“We are committed to providing a range of consumer products that are made with 100 percent natural raw honey. Our honey is from the pollination of exotic tropical bloomings, fruits and vegetables. Rich in vitamins, minerals and antioxidants, Ivyees brings you a healthier lifestyle.”

Ivy Lawson is owner and CEO of Ivyees Honey. She worked as an engineer in corporate America for two decades and then began a journey of study and change that gave wings to an entrepreneurship that was always present in her. The resulting company reflects her talents and skills as well as her values. Ivy attended the Temple Israel MLK Shabbat service in 2018 and is listed among the black-owned businesses we are highlighting for our members and friends as part of our Racial Justice Initiative’s focus on the business community. Temple Israel recently had the chance to engage a very busy Ivy, who is in the midst of a surge of interest in the company and its products.

How would you describe your business?

Screen Shot 2018-08-07 at 2.46.51 PM
Ivy Lawson (Courtesy Ivyees Honey)

Ivyees Honey is a Boston-based company that is committed to providing a wide range of personal care, grooming and oral care products that are made with 100 percent raw honey and other natural and organic ingredients. Our product line includes raw honey, sold in Whole Foods, a shampoo and conditioner for any hair type, a detangler leave-in conditioner, moisturizing leave-in conditioner and an anti-humectant spray to keep the frizz away. Our face care products are made with New Zealand Manuka honey and include eye serum, anti-wrinkle creams and moisturizers. Finally, we offer a toothpaste that is made with natural ingredients.

What led you to start the company?

I became interested in bee-farming when a renowned entrepreneur in Boston introduced me to a group of bee farmers while on a trip to Jamaica. That inspired the hidden entrepreneurial spirit that I inherited from my maternal grandfather, who also farmed bees on the island. In 2007/2008 I made a life-changing decision to move my family to Jamaica, and I started my journey of becoming a bee farmer. I immersed myself in the study of bees and the production of raw honey. After learning of all the benefits raw honey provides not only to consume, but also when you expose yourself to it via products we use on a daily basis, I was inspired to do extensive research. I worked with chemists and other scientists to develop natural products for everyday use.

Where and how do you find your customers? 

Word of mouth has been the best way to find customers. We do a lot of networking. We also belong to many business and entrepreneurial organizations. I spend a lot of time ensuring that my products are not only good for you, but they produce great results. I think once people start seeing the results, they are eager to share with others. We use social media to promote and advertise, but we also provide our customers with great education about the products. We just launched a blog page on our website, where our customers can read interesting facts about our products, which we hope will educate them on our concepts.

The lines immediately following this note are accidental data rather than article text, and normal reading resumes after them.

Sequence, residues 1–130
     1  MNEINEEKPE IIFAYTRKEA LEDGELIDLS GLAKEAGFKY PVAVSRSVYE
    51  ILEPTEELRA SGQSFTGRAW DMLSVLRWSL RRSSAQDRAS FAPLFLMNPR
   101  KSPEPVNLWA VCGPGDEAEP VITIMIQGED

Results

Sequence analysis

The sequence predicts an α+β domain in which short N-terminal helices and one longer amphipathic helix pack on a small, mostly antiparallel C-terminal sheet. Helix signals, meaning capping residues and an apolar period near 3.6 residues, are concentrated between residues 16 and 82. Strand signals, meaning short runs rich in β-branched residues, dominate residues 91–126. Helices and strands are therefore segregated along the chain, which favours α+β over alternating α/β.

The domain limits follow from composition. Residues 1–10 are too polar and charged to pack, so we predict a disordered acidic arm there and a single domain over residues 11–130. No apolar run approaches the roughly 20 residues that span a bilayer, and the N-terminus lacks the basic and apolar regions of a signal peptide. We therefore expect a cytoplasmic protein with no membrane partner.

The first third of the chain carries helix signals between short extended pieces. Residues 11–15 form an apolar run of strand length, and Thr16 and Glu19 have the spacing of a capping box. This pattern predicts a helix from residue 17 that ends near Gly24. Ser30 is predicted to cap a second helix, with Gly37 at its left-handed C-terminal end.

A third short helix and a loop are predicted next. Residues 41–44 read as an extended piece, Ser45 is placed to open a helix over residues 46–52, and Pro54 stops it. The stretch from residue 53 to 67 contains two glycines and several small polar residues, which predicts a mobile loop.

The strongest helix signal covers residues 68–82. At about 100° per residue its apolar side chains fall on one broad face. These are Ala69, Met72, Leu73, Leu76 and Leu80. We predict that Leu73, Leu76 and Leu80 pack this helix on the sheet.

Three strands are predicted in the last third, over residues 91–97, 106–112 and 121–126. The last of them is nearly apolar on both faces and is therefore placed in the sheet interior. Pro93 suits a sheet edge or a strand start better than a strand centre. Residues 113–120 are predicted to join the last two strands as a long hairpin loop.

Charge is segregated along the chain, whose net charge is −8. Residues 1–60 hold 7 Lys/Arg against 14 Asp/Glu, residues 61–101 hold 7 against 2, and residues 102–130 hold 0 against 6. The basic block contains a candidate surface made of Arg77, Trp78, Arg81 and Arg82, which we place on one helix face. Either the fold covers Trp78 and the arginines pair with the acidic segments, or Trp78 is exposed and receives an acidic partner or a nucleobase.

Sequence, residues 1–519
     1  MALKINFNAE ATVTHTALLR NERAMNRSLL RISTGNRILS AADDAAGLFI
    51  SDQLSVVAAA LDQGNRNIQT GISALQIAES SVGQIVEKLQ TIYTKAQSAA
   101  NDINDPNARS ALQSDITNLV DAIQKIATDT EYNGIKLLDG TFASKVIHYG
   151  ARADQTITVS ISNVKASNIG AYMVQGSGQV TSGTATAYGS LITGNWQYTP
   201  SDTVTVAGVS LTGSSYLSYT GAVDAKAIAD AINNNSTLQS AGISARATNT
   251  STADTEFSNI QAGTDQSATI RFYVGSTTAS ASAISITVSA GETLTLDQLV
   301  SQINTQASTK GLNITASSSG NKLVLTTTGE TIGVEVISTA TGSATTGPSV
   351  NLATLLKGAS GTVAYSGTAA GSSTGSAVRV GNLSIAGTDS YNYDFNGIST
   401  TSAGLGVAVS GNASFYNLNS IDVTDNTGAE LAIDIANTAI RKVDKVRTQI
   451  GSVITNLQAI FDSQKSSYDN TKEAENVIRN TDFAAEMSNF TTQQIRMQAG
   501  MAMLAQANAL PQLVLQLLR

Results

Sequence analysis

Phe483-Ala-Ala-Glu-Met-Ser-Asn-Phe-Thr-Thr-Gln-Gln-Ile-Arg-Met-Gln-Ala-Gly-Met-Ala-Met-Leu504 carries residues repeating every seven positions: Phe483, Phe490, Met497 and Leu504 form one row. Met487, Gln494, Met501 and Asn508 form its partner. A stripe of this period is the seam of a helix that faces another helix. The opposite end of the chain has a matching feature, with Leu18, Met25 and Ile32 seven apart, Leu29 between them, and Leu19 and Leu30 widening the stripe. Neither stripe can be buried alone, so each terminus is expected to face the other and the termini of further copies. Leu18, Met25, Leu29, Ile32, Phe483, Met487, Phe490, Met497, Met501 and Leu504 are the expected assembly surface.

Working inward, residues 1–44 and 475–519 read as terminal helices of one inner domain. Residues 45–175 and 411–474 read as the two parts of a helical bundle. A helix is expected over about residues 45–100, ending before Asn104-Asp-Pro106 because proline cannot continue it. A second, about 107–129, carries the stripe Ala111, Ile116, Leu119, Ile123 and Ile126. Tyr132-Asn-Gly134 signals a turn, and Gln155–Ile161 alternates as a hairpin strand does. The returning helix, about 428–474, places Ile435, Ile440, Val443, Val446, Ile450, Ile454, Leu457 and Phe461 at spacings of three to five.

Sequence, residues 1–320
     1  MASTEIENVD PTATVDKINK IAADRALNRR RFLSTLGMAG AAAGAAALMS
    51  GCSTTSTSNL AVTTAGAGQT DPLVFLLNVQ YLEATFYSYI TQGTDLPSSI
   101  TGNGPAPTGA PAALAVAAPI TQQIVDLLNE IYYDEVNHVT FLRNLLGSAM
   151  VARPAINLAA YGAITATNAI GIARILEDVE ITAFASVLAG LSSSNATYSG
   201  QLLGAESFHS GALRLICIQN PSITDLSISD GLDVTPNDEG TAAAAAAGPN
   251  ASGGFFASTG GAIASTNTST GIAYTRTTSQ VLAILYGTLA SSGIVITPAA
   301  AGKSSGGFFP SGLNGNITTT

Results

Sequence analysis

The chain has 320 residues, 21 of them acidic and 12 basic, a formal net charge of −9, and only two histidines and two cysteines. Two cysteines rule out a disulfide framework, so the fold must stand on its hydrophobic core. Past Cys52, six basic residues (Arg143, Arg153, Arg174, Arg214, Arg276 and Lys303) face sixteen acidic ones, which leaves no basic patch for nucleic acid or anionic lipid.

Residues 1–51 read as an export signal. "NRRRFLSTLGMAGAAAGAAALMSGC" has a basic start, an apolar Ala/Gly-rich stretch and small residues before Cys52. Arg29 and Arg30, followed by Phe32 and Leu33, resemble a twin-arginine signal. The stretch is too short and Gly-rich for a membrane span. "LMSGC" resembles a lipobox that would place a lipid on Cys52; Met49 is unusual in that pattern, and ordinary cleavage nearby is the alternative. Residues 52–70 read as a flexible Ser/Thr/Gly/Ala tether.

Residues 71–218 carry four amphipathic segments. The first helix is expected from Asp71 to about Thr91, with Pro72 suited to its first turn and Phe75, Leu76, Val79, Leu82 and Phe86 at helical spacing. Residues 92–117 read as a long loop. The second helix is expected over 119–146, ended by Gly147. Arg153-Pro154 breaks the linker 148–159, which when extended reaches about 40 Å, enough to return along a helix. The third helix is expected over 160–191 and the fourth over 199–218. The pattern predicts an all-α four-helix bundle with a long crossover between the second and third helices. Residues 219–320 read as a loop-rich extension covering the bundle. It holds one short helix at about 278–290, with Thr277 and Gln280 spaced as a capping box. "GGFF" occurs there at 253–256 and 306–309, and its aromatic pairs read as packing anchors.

What are the biggest challenges? 

I’m reminded often why being an entrepreneur is not for everyone. It takes a special kind of determination and drive to overcome the many challenges. Most small business owners, myself included, struggle with not having adequate funding to scale.

What kind of impression did the Temple Israel MLK service and reception make when you attended earlier this year?

I really enjoyed the program. The impression I got was that everyone was so friendly, and the inclusive spirit after the program ended made me think of all the times I took my sons to their classmates’ bar and bat mitzvahs. The kids and grown-ups just had fun.

What ideas do you suggest for how we can engage people in supporting entrepreneurs, in particular people of color who are starting and growing businesses?

I left corporate America at the height of my career. I actually loved my position at IBM. My career was going great. I left because I was tired of having to constantly prove my worth. Every promotion I’d ever gotten was a struggle to get. Not because I was not clearly deserving of it, but because I worked for people who did not value me as a qualified human being. I decided if I was going to work as hard as I worked, it would be for my own business. I focused on the idea that if I made great products without harsh, dangerous chemicals, consumers would buy them. Small businesses need support to grow. Even though African-Americans and especially African-American females are more likely to become entrepreneurs than any other group, they are highly favored to fail, partly because of lack of support from banks and consumers. My suggestion to help people of color grow their businesses is to believe they have the ability to produce great products that are beneficial to consumers. I know that a sure way to stay in business is to gain the confidence of your customers by providing great products.

As you know, Jewish tradition calls for apples and lots of honey around the celebration of the new year, Rosh Hashanah. Do you notice special interest in honey around that time?

Yes, definitely more sales during Rosh Hashanah and the day before Yom Kippur!

This post has been contributed by a third party. The opinions, facts and any media content are presented solely by the author, and JewishBoston assumes no responsibility for them. Want to add your voice to the conversation? Publish your own post here. MORE